Tyrese Gibson ("Fast and the Furious"), Theo Rossi ("Sons of Anarchy") and out actress Kate Moennig ("The L Word") star in "Squealer," a terrifying thriller inspired by real events. When young women begin to disappear across a small town, a police officer and a street-smart social worker follow clues to a remote pig farm and discover the local butcher has been bringing his work home; watch online.

SNL and anti-Semites
"Saturday Night Live" had a brutal cold open Oct. 28 with Biden at Halloween, Speaker Mike Johnson's "Adult Black Son" (what is up with that?) and the always incredible Christopher Walken as Papa Pumpkin.

Finally, "This is the way the world ends, not with a bang but a whimper." So wrote iconic queer poet T.S. Eliot in his poem about war and its consequences, "The Hollow Men."

There's nothing more deadly nor deadly serious than what is happening in the Middle East right now, as we've been writing since the latest conflict began. (www.epgn.com)

Like most people of conscience and with a large Jewish family, including in Israel, we urge an immediate ceasefire. Fears of escalating antisemitism and Islamophobia in America are justified and for those of us who have experienced the former and reported throughout the post-9/11 waves of Islamophobia and racial profiling of Muslims, we do not want to see this get any worse than it is, which is bad.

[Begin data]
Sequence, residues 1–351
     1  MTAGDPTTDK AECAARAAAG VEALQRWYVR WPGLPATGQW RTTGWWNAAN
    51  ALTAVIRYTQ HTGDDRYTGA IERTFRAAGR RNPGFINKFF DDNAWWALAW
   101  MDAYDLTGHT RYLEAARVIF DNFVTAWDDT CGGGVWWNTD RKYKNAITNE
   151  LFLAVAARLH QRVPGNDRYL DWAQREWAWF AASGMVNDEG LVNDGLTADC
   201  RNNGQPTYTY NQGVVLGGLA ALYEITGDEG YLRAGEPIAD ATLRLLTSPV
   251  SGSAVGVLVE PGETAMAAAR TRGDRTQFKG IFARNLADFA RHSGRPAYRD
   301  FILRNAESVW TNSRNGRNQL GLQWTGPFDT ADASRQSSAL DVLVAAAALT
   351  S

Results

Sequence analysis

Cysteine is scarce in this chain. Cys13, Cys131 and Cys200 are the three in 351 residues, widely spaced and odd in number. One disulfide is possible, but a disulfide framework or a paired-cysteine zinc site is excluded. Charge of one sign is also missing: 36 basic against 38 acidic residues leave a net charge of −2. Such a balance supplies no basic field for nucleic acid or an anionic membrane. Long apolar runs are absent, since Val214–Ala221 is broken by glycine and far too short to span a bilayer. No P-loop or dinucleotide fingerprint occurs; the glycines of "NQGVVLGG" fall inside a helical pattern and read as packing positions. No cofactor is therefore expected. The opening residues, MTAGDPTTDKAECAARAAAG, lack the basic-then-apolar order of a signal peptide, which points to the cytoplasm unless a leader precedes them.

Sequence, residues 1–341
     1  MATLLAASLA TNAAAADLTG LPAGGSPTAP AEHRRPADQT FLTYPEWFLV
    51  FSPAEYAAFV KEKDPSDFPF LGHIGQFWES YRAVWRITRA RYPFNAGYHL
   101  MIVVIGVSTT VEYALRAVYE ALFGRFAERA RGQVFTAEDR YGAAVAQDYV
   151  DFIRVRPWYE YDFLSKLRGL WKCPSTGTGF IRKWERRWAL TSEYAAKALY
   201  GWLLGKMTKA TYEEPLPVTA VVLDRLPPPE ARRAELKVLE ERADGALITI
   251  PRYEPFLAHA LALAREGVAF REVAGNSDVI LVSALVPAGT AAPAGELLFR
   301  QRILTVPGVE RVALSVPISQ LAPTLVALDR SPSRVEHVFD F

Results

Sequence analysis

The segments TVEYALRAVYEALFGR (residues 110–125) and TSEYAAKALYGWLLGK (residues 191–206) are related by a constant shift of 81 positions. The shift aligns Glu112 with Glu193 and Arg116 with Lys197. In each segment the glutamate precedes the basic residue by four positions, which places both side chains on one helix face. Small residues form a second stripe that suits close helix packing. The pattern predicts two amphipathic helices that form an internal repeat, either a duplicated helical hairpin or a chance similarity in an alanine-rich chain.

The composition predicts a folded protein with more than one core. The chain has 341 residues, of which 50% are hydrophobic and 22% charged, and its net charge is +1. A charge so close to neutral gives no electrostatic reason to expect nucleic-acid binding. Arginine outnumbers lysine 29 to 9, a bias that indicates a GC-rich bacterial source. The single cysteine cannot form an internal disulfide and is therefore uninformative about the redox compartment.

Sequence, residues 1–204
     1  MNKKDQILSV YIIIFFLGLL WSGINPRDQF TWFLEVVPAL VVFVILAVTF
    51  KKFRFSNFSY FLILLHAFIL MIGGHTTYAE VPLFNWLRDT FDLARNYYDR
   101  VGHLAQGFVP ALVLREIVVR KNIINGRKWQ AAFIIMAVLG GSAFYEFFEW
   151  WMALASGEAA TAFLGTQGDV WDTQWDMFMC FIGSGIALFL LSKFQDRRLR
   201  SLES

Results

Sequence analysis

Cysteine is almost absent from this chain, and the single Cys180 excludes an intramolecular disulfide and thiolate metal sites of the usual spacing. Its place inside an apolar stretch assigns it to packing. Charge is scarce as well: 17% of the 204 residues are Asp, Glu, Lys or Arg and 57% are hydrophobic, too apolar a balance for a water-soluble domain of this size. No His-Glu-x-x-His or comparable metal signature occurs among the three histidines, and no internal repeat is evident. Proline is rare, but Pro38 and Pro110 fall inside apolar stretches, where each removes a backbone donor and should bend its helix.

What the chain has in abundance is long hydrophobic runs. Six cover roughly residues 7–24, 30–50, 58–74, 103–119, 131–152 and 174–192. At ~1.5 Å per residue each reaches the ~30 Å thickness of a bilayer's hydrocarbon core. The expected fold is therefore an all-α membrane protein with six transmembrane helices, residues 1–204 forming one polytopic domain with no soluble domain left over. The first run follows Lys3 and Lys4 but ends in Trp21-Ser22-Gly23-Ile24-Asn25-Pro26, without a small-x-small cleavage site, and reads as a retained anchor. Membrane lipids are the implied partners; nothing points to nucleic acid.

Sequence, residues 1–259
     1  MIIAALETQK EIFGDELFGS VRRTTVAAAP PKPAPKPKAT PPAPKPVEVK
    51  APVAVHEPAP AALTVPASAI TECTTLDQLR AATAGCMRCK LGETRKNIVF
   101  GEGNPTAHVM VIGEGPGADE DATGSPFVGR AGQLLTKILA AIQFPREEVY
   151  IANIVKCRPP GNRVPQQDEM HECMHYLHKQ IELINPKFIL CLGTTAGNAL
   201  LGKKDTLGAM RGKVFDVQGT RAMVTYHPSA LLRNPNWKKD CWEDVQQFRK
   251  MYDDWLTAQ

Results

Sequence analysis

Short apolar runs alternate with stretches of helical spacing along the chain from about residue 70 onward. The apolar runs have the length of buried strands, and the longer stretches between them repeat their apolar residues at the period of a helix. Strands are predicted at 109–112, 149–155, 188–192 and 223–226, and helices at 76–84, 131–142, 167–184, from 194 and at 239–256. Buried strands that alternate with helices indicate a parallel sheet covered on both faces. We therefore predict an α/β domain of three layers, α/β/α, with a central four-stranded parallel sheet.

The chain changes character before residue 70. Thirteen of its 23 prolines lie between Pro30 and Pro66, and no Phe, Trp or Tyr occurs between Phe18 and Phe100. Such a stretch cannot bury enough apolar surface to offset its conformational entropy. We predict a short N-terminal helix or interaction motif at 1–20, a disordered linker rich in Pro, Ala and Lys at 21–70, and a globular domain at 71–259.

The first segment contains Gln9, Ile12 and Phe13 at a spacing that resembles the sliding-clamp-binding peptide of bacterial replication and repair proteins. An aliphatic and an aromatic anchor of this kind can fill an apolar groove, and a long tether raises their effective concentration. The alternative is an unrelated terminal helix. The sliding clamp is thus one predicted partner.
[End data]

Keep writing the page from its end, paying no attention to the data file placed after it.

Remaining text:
(www.curvemag.com, www.pbs.org)

As Jake Tapper said on CNN's State of the Union Oct. 29, "This shit is not a game." Tapper, who is Jewish, called out Trump and the GOP and their attacks on Palestinian American Rep. Rashida Tlaib and calls to censure her.

Saying, "Antisemitism is not a cudgel to be used for political points," Tapper broke down GOP Rep. Marjorie Taylor Greene's history of antisemitism as she introduced a resolution to censure Tlaib, accusing her of being a Hamas supporter. Tapper noted that Greene is a white nationalist supporter, who, like Trump, hangs out with Holocaust deniers. (www.cnn.com)

So for the Sturm and the Drang, you know you really must stay tuned.